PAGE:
Long works hours and associate fatigue lead to many avoidable tractor trailer truck wrecks. Nevertheless, the Bush administration authorized longer work hours behind the wheel for truck drivers.
Public Citizen, a nonprofit consumer advocacy organization, announced earlier today that the Obama administration has agreed to toss out controversial proposal supported by the Bush administration. Public Citizen, Advocates for Highway and Auto Safety, the Truck Safety Coalition, and the Teamsters Union were against the Bush era proposal. These groups had sued to block the longer work hours for truckers because of the detrimental effects on highway safety.
“We are pleased that the government has decided to take seriously its responsibility to protect truck drivers and the public from unsafe driving conditions instead of bending to the interests of the trucking industry,” said attorney Greg Beck, who handled the case for Public Citizen.
The above groups asked the Court of Appeals to throw out the Hours of Service rule in March 2009 for the third time. In 2004 and 2007, courts vacated the rule, stating that longer work hours affected highway safety. However, the Bush administration reissued the rules despite the court’s decisions. These controversial rules allowed drivers to work behind the wheel for 11 consecutive hours instead of 10. Further, off-duty rest time was cut from 50 hours to 34 hours. The Hours of Service rule allowed truck drivers to spend 17 more hours a week driving.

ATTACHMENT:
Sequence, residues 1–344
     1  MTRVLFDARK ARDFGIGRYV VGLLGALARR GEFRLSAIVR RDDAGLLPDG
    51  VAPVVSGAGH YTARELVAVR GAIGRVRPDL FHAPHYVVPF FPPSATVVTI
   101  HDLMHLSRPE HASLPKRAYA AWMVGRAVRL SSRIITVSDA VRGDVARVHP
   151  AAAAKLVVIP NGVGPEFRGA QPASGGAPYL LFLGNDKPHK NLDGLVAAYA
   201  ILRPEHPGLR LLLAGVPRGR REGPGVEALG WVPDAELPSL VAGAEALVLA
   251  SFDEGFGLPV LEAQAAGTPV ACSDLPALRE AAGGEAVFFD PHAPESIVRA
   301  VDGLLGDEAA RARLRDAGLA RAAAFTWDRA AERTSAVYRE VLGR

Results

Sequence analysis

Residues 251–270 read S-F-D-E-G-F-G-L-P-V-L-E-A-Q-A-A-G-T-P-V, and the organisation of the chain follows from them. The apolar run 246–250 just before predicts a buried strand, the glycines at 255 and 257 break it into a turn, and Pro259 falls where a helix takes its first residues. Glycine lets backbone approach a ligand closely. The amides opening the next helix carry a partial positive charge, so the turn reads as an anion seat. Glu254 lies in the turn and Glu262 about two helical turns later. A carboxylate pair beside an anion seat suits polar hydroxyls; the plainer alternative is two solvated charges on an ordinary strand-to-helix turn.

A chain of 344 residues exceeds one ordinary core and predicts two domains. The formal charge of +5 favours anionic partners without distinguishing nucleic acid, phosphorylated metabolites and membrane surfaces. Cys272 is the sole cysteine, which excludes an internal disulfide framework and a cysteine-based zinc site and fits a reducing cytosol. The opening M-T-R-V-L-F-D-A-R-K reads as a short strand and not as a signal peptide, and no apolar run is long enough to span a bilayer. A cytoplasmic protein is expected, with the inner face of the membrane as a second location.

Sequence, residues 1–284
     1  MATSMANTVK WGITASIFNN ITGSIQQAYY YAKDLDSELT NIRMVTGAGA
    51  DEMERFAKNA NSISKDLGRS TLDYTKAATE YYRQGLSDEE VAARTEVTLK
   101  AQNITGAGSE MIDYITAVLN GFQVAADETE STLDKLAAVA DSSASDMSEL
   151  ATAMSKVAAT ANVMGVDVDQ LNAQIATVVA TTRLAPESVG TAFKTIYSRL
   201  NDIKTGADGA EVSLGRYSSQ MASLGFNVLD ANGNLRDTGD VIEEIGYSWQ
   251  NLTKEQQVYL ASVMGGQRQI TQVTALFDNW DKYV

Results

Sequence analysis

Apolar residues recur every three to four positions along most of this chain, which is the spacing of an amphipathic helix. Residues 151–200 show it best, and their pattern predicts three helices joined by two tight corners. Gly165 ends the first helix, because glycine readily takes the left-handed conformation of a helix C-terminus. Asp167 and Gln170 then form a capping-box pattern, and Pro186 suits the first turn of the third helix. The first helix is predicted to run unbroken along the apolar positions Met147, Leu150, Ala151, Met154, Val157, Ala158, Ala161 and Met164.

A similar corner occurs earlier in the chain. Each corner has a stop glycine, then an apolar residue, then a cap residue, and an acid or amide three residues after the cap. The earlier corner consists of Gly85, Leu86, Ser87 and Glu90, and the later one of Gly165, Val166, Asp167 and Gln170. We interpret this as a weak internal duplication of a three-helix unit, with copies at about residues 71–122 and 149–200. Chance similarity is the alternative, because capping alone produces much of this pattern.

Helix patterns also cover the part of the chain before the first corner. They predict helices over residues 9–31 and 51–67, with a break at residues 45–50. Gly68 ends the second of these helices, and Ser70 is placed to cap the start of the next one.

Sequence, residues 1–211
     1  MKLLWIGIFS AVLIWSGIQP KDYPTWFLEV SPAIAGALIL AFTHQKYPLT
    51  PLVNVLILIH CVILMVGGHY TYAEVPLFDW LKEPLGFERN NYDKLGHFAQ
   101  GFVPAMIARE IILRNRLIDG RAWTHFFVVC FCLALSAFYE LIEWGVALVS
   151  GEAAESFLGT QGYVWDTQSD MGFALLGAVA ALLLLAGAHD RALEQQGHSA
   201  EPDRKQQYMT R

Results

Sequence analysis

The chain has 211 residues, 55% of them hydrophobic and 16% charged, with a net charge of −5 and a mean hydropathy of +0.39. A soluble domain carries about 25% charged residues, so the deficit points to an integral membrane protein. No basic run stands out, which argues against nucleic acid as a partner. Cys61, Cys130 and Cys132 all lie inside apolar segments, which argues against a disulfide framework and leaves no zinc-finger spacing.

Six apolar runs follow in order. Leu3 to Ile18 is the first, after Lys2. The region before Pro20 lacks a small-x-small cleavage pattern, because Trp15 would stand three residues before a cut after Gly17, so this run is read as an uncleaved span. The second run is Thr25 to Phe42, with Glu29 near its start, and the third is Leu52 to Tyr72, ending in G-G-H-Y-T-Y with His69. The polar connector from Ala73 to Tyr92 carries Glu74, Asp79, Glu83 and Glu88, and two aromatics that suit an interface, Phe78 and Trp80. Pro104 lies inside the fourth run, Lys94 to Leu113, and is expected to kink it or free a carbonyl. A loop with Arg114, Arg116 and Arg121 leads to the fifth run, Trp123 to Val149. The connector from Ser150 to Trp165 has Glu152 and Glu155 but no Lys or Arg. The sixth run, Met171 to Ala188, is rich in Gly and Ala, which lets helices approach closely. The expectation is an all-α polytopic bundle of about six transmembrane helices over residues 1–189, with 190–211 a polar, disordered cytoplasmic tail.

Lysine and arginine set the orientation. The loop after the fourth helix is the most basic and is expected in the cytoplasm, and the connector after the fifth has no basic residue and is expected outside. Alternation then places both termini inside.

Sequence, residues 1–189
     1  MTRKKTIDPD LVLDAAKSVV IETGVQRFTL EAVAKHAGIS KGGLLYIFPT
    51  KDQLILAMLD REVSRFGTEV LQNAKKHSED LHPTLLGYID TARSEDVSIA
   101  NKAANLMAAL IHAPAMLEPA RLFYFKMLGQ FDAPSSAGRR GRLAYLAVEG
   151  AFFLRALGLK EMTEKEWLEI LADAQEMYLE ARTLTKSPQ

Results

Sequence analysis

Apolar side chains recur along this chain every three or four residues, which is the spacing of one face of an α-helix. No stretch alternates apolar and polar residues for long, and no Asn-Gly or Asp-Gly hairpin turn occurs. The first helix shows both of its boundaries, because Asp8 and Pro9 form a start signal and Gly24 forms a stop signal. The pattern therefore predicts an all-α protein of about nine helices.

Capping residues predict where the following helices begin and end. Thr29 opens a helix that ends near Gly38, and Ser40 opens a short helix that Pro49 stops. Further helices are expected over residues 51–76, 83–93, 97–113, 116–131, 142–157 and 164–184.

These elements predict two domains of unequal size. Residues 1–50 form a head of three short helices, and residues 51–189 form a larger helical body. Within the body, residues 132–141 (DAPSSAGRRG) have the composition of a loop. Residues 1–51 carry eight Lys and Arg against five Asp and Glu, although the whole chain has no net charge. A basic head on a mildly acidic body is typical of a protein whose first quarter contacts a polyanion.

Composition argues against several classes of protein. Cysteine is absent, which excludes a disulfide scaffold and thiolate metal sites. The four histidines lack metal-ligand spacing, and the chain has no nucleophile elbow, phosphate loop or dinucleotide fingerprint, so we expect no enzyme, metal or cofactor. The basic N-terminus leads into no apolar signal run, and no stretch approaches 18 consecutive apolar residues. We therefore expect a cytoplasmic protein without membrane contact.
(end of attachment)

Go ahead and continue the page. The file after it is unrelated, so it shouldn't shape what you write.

”There is a reason that the truck driving profession is often referred to as ‘sweatshops on wheels,’” said Joan Claybrook, formerly of Public Citizen.
Jackie Gillan, vice president of Advocates for Highway and Auto Safety, said, “Every day, truck drivers fall asleep in their cabs, and all too frequently the results are catastrophic. Unfortunately, these incidents and crashes don’t garner the same government attention and action as airline pilot fatigue.”
Daphne Izer helped to found Parents Against Tired Truckers (PATT) after her son and friends were killed in a wreck caused by a fatigued truck driver. Izer commented, “The good news is that there will be a new hours-of-service rule that hopefully will protect truck drivers and families like mine. The bad news is that the Obama administration nominee to lead the federal agency responsible for issuing this new rule is a trucking industry lobbyist. This nomination puts the trucking industry in the driver’s seat and will detour any meaningful and overdue reforms.”
Izer speaks of Anne Ferro, a former Maryland Motor Truck Association CEO who Obama tapped to head the Federal Motor Carrier Safety Administration.
According to PATT, more than 5,200 people were killed and another 114,000 were injured in tractor trailer truck wrecks. Truck wreck fatalities increased during the Bush administration when the controversial hours of service rule was in effect.
Reuters reports that the Federal Motor Carrier Safety Administration (FMCSA) has agreed to redraft new Hours of Service (HOS) regulations within nine months.
If you or a loved one has been injured in a tractor trailer truck wreck, you need an experienced Georgia truck wreck attorney who understands the federal regulations that apply to big rigs. Call MLN Law at 404-531-9700 to schedule your free consultation.